Shortly after the New England Clean Energy Connect project to bring Quebec hydropower to New England received its final major permit Friday, expecting to begin construction on the $950 million transmission line soon, a federal appeals court hit the brakes on the most controversial part of the line.
A federal appeals court called a halt to some work pending further review of a legal case brought by foes of the hydropower transmission line through western Maine.
The court granted a temporary injunction sought by opponents ordering the company to stop work on the entirely new section of the proposed line until judges can review a legal dispute related to it. That effectively stopped work on that part of the corridor until the U.S. Court of Appeals for the First Circuit takes further action.
Thorn Dickinson, who heads the project, said Friday that the court ruling adds a new hurdle, but “this project has been through a number of challenges” already.
Avangrid, the parent company of Central Maine Power, said the project secured a needed permit from the U.S. Department of Energy, allowing it to begin moving forward.
“We are pleased to be able to start construction,” Avangrid President Robert Kump said in a prepared statement.
Dickinson said 80 people have already been hired to start work on the corridor preparations and there should be 140 on the job by the end of the month. Ultimately, the initial clearing of the corridor will likely involve about 325 workers, the company has said.
A contractor is slated to begin building the electrical transmission towers themselves after the legal issues are in the past and the corridor cleared. Dickinson said that is likely to start in a few months.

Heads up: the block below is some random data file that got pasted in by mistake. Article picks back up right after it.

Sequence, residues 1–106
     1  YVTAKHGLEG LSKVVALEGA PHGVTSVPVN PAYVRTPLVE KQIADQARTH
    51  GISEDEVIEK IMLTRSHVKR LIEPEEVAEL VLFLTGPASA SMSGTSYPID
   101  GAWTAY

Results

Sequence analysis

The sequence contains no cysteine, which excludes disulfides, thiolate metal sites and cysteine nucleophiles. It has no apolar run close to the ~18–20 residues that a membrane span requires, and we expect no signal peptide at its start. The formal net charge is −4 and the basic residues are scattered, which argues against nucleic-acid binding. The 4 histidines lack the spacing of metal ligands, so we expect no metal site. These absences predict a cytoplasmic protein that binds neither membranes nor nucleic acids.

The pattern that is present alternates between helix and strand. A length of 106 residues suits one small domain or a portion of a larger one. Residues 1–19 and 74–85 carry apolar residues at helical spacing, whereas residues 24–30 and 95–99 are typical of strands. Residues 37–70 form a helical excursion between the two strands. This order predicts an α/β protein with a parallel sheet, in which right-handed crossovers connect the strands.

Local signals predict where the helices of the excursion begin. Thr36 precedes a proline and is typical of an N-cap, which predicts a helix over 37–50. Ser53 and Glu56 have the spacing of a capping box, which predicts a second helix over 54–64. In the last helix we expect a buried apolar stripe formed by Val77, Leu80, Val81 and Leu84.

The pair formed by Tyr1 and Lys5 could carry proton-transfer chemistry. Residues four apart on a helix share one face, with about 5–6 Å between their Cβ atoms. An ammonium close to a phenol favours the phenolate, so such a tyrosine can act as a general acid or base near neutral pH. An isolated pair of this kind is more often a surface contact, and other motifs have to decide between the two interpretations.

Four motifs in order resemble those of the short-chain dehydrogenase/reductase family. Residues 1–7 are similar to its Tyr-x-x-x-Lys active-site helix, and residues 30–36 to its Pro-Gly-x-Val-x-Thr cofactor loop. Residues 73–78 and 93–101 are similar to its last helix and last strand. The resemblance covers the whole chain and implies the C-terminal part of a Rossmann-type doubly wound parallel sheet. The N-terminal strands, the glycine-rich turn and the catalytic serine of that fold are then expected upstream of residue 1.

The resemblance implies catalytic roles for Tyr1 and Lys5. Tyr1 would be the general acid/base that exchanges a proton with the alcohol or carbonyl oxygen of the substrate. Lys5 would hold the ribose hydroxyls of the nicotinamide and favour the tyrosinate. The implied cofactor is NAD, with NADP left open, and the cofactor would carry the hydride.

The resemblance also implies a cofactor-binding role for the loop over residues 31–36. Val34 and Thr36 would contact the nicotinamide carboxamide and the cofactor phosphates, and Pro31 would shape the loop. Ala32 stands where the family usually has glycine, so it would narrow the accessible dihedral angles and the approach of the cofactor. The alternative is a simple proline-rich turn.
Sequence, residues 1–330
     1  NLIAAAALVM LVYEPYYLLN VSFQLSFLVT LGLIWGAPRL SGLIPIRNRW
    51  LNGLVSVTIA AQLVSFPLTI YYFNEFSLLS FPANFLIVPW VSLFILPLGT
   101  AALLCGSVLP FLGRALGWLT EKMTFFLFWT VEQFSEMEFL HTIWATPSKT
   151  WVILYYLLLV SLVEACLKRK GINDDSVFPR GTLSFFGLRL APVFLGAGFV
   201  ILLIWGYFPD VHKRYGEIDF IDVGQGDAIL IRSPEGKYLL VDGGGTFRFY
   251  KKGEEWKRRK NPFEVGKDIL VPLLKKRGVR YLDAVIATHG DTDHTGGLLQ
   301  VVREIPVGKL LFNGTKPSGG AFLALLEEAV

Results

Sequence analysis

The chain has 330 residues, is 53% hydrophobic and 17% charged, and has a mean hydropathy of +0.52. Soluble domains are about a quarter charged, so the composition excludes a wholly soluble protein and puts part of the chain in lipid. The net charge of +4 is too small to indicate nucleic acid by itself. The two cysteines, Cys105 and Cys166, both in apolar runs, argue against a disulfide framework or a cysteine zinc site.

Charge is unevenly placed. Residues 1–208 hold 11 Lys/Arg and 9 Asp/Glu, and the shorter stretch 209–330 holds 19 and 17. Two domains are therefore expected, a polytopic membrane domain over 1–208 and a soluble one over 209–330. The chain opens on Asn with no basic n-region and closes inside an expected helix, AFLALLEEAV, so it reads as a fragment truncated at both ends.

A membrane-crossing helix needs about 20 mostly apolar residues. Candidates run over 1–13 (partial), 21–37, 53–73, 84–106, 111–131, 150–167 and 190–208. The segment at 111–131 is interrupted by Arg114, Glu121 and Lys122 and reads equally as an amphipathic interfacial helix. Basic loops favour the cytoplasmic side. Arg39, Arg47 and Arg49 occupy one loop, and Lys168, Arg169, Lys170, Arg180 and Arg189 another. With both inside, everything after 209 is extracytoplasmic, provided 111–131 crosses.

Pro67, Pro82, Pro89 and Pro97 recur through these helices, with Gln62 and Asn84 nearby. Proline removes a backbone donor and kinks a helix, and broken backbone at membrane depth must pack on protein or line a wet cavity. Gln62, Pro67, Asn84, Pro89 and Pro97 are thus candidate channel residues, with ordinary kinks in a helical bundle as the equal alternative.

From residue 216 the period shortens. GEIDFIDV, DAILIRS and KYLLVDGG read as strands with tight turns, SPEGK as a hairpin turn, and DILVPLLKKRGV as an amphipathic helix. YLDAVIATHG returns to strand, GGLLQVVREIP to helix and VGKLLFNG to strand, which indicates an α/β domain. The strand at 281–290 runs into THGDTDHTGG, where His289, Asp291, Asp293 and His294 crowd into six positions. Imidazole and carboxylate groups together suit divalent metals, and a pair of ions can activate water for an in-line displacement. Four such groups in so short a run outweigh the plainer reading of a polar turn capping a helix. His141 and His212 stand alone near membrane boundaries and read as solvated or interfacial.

The project includes a 145-mile line in Maine that has 53 miles through a new corridor in Western Maine before joining up with one that runs from a Kennebec River dam to Lewiston.
The company said the completed line “will be New England’s largest source of renewable energy, representing a fundamental shift away from fossil fuels while simultaneously lowering energy costs in Maine and New England.”
Opponents, who are still fighting to block the project, say it will harm the environment and won’t deliver the climate benefits it promises.
A federal lawsuit filed by the Sierra Club, Natural Resources Council of Maine and Appalachian Mountain Club charges the additional corridor “will create a new, permanent scar on the landscape of Maine’s Western Mountains Region and irreparably damage and fragment numerous aquatic resources and important wildlife habitat.”
The groups are challenging the federal review process for the project, insisting it lacked transparency and completeness.
The appellate court is reviewing a district judge’s refusal to issue an injunction to stop work on the project.
It laid out a timeline Friday that appears to give 25 days for legal briefs to be filed by both sides. If that holds, it will be at least mid-February before the court is likely to take any action.
Dickinson, president and chief executive officer of NECEC, said the company will be meeting with lawyers and others soon to figure out what the decision means for its timetable.
He said, though, he doesn’t anticipate any major problems.
Dickinson said people are beginning to see tangible benefits from the project, including people working and spending money in Western Maine. He hopes that it will cause them to “take another look” at what it’s all about and recognize that in addition to economic pluses, the finished line will help shift the region away from fossil fuels, helping with the climate crisis.
The power line corridor will connect Hydro-Quebec to New England’s regional energy grid, providing up to 1,200 megawatts of hydropower that will arrive at a new converter station in Lewiston before flowing into existing lines.
The power is targeted for Massachusetts, where consumers are paying for the project, but the electrical grid isn’t state specific, so the electricity will wind up benefiting the entire region.
Maine is slated to receive about $250 million worth of direct benefits, from cheaper energy to fiber optic connections for communities along the corridor.
BY STEVE COLLINS SUN JOURNAL